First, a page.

My name is Michael, and I’m a chocoholic.
One thing that’s really bad slash good about the holidays is the preponderance of indulgent food.
Correlatively, one thing that’s really bad slash good about the post-holidays is the preponderance of people trying to get rid of indulgent food from their homes.
Any resolution-motivated commitment to “eat healthy” can really be complicated by the ready availability of these indulgences. Willpower? What willpower?
Case in point, some of the tantalizing goodies brought into my workplace just in the last week have included dark and white chocolate-drizzled gourmet popcorn, a tin of delicious chocolate-covered peppermint cookies, a chocolate ganache torte, a box of assorted chocolates, some cappuccino-flavored meringues, and a container of chocolate-covered toffees.
Not that I am complaining…it is very hard to complain when stuffing something delicious and chocolate down my gullet…but it will be so much easier trying to get back on track with fitting into my pants again once this spirit of generosity finally dies down.
“I don’t know why you waste your time exercising. It’s just sweat you’re going to have to wash off.”
—Master Shake to Meatwad
I’d say that it’s a fairly safe guess that the most common New Year’s resolutions are to eat healthier, lose weight, exercise more, or some combination of the aforementioned.
While I hate being a cliché, I really do need to get back on the proverbial fitness wagon in the new year. Occasional binge eating really starts to add up over time, and if one procrastinates enough scheduled workout sessions, skipping them entirely for weeks on end becomes the norm.
I was starting to look pretty darn good last year, buff even…then, at some point, I lost all motivation.
I had spent a good bit of money on new jeans and dress pants. All of my “fat pants” ended up in a donation box in a nearby parking lot. Now, I am down to three pair of “relaxed fit” size 32s that I can barely squeeze into.
Not a disastrous setback, but a setback nonetheless.
Good riddance, 2005.
It is time to get my motivation back.
After nine exhausting hours, spread over a few days, my Bowflex Ultimate 2 is more or less put together. I plan on watching the instructional DVD all the way through before I start using it, though.
This sturdy behemoth replaces my Bowflex Power Pro that I had for five years. The poor little guy sits partially disassembled in my master bedroom. I took one last photograph to remember it by (below).
We have been through a great deal together at three addresses (Plainsboro, Millburn, and Kingston. I have sat on that bench at 274 pounds, at 180 pounds, and quite a few ups and downs in between.
So why the trade in—and such an expensive one at that? Well, that $1000 off was hard to turn down. I could never get close to that on eBay if I were to sell it. Plus, when you think about it, the Ultimate 2 is not that expensive when compared to a $600-$900 annual gym membership.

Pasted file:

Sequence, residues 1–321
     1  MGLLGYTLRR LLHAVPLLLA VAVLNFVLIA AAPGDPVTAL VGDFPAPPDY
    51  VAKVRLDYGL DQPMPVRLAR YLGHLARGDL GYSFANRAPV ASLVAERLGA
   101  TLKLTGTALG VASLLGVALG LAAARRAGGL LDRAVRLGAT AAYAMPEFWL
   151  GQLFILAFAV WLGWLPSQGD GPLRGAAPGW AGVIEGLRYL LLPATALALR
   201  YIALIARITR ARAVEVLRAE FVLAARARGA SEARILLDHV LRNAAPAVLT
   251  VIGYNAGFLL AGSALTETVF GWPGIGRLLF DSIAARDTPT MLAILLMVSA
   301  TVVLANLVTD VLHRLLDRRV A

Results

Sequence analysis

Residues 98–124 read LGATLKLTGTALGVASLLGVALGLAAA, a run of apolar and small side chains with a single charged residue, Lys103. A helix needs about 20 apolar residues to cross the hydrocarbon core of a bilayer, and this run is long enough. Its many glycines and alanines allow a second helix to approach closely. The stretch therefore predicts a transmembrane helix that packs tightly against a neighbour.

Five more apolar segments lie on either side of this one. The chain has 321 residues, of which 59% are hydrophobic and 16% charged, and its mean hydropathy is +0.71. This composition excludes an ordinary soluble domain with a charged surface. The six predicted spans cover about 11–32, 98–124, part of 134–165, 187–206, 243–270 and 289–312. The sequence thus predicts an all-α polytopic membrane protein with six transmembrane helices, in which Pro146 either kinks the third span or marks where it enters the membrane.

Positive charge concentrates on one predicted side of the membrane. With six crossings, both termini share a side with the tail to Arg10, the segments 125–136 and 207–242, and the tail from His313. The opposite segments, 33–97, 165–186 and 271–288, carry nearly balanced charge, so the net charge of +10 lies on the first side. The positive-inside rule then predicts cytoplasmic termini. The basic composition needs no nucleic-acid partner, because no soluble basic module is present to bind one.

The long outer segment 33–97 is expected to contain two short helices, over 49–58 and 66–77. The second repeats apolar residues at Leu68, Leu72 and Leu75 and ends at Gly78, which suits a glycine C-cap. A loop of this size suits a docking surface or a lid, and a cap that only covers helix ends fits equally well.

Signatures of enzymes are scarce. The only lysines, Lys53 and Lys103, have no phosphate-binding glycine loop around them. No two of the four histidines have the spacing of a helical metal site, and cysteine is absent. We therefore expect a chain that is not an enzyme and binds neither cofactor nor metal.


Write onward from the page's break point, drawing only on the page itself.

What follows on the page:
Most of all, though, I had a few annoyances with the Power Pro that was really starting to negatively impact my motivation. I talked with the Bowflex sales guy for over a half-hour last month, and most of my concerns seem to have been addressed.
- First and foremost 410 pounds of resistance on the Power Pro was not nearly enough for many of the exercises, including the leg press, the calf extension, and the shoulder shrug. 410 was so inadequate for the leg press I would often keep performing repetitions of the leg press until I got bored.
But the Ultimate also maxes out at 410, so what’s the difference?
This part was quite illuminating. As anyone who has seen the informercials knows, resistance is created on the Bowflex by flexing these composite Power Rods. Each rod has a number on top that rates how many pounds of resistance it provides. However, at the top of the rod’s flex, the rod only provides two-thirds of its rated resistance. The rod’s full resistance is only realized when the rod is fully flexed.
The way the rods are positioned on the Power Pro, one rarely gets that full flexion.
- Ab exercises on the Power Pro sucked. One of the exercises has you stretch the handgrips over your shoulders as you do a crunch. However, because of the machines design, even in the resting position, there is a tremendous amount of strain on the shoulders. Doing this exercise guaranteed that I would have welts and bruises on my shoulders the next day.
- Also with the Power Pro, taking off and putting on the leg attachment or the lat bar was always a pain because of having to thread cables. The pulley and cable system of the Ultimate 2 makes that a thing of the past.